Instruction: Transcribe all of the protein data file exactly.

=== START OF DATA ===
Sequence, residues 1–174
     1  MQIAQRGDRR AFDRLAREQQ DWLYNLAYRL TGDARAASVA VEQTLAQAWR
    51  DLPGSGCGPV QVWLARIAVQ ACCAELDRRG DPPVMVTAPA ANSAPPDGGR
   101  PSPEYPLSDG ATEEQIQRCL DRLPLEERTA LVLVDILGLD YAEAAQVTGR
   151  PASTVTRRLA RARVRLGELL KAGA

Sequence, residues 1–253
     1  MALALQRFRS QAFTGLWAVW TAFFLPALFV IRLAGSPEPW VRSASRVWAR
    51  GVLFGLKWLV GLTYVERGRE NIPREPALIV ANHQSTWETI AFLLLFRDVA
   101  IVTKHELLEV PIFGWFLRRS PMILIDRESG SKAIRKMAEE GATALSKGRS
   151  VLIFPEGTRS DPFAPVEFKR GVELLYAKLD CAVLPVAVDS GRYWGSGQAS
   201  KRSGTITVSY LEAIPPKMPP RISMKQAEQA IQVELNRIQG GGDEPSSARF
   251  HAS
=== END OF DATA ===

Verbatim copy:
Sequence, residues 1–174
     1  MQIAQRGDRR AFDRLAREQQ DWLYNLAYRL TGDARAASVA VEQTLAQAWR
    51  DLPGSGCGPV QVWLARIAVQ ACCAELDRRG DPPVMVTAPA ANSAPPDGGR
   101  PSPEYPLSDG ATEEQIQRCL DRLPLEERTA LVLVDILGLD YAEAAQVTGR
   151  PASTVTRRLA RARVRLGELL KAGA

Sequence, residues 1–253
     1  MALALQRFRS QAFTGLWAVW TAFFLPALFV IRLAGSPEPW VRSASRVWAR
    51  GVLFGLKWLV GLTYVERGRE NIPREPALIV ANHQSTWETI AFLLLFRDVA
   101  IVTKHELLEV PIFGWFLRRS PMILIDRESG SKAIRKMAEE GATALSKGRS
   151  VLIFPEGTRS DPFAPVEFKR GVELLYAKLD CAVLPVAVDS GRYWGSGQAS
   201  KRSGTITVSY LEAIPPKMPP RISMKQAEQA IQVELNRIQG GGDEPSSARF
   251  HAS